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Book Review

Otherwise Unseeable by Betsy Sholl

5350-165wOtherwise Unseeable by Betsy Sholl, The University of Wisconsin Press, 2014, 78pp/, $16.95


Betsy Sholl’s seventh book offers a world of contradictions, the friction of disparate and contradictory objects and experiences struggling to coexist. The first poem, “Genealogy,” begins, “One of her parents was a flame, the other a rope.” Odd juxtapositions continue with a light bulb’s envy of an apple, (“Still Life with Light Bulb”) and the contrast between the wind’s “little ruckus” and the solidity of a wooden clock (“The Wind and the Clock”). “Rush Hour” finds two friends, their “words/making light of whatever they touched,” confronted with a deaf woman struggling to communicate. In “Traps and Groove,” the speaker wants “her chair/at the table, and a waiter to take orders—” while simultaneously drawn to “something the drums were saying” inside a seedy club.

The book’s heart, however, is the question of how to celebrate a world containing violence, poverty, and loss. “[L]ast night my mind split between euphoria/and grief,” she announces in “Waiting Room,” a split projected onto a crow in “The Argument.” The speaker wants to praise Nature, while the crow admonishes, “For the sake of the dead, for the sake/of the murdered, don’t wax too eloquent…”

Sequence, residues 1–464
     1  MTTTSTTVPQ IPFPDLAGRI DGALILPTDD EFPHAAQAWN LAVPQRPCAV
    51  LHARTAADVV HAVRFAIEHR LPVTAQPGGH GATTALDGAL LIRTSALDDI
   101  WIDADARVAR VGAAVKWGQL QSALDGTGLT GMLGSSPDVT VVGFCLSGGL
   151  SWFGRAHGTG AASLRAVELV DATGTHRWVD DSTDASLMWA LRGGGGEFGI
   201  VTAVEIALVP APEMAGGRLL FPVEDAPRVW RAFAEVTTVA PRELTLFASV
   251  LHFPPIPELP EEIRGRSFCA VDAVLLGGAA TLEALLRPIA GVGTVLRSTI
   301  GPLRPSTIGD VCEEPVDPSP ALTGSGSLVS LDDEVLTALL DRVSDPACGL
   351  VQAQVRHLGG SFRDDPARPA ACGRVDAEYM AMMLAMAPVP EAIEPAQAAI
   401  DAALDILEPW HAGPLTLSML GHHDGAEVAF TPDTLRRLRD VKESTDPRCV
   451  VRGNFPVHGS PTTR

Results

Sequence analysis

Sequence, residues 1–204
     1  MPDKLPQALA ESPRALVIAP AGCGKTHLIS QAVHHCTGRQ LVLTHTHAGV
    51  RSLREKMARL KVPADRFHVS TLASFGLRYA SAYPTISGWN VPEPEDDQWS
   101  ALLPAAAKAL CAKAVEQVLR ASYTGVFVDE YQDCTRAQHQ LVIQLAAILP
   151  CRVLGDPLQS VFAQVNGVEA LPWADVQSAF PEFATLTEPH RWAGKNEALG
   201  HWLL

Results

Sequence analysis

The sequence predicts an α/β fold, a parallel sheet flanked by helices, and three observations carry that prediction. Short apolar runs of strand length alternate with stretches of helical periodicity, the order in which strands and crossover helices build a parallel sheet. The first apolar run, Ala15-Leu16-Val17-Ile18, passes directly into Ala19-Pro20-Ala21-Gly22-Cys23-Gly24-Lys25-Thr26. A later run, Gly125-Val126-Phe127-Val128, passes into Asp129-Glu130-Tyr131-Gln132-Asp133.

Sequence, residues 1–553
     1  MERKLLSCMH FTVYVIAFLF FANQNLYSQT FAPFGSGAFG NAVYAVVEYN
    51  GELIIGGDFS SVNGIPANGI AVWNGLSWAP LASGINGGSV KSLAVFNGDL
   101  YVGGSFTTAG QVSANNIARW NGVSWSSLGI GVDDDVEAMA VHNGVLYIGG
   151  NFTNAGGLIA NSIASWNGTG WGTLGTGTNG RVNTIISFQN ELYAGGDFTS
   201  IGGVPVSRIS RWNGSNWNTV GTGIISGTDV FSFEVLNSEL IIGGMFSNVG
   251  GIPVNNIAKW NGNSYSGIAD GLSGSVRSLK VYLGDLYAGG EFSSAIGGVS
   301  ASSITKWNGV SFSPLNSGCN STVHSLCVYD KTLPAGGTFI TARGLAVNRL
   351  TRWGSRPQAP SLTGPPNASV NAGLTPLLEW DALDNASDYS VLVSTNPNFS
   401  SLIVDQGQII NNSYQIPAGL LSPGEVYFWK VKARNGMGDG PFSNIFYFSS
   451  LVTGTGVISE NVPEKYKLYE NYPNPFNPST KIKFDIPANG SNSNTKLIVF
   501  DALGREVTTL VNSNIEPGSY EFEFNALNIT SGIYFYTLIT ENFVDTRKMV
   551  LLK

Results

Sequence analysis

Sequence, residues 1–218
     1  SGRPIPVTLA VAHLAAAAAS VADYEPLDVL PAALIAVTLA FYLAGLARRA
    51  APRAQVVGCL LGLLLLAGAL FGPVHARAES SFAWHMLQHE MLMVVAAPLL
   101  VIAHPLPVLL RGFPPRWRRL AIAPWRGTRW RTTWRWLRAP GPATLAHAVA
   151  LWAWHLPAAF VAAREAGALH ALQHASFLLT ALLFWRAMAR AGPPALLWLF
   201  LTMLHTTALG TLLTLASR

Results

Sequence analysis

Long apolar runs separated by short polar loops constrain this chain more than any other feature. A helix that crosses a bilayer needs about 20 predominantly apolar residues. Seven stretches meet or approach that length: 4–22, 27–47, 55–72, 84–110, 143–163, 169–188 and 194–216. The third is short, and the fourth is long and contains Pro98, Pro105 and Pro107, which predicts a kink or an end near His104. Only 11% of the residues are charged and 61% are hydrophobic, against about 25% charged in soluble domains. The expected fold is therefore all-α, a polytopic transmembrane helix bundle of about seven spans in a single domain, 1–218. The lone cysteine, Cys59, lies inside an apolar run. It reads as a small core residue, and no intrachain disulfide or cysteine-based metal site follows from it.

This crow is one of a flock of birds that nest in Sholl’s verses. Many are metaphor, equated with musical notes in “Poco a Poco,” failed poems (“Of the Many”), graffiti (“Trap and Groove”), and gypsies (“Laticho Drum”). Other times the birds are literal, as the crows that peck the eyes of the murdered in “Second Line” or fly into glass (“At the Window”).

Though a goldfinch reminds the poet of Mandelstam, she rejects the myth that birds are the dead returned, listing all her lost loved ones that cedar waxwings are not. In “An Exchange,” Sholl praises the chicken: “she sings/keeping watch over the ruined world.”

These musical poems sing with consonance, alliteration, and off rhyme. Music is also a pet subject of Sholl’s. In two poems, girls attempt to play the piano. The speaker struggles, making “a splintery ruin” (“Poco a Poco”), while in a later poem her sister is able “to give the piano all those forbidden sounds.” (“Tidal”). Music is comfort, as well as a stubborn assertion of aliveness despite circumstances. In “U.S. Clamps Down on Pianos to Cuba,” music triumphs, “too much music for anyone to block, the air/heavy with it…” A “Base Flute” sends out “sounds of the unmuffled gut set free/to bluster and honk, the drowsy heart/ungagged…” In “Out of Nowhere,” the speaker listens as “a voice—it could be yours/ rises out of midnight’s throat to give…a lone and barely whispered Yes.”

Still, music is no panacea. The Bach that Bonhoeffer listens to in prison may soothe him, but it does not stay his execution. “The Aging Singer” has a mouth “cut with crevices like a marionette’s.” And though “Bird Lives,” his recordings show a “life blown inside those riffs.” Like Sholl, these musicians have no easy answers, just the ability to look unflinchingly at life and sing its truths to the listeners.


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